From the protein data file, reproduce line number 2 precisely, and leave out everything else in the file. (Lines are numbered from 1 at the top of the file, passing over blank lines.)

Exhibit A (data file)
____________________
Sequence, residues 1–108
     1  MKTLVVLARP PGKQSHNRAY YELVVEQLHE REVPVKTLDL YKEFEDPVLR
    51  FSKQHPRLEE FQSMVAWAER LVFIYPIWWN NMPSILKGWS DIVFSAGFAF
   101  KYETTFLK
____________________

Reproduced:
     1  MKTLVVLARP PGKQSHNRAY YELVVEQLHE REVPVKTLDL YKEFEDPVLR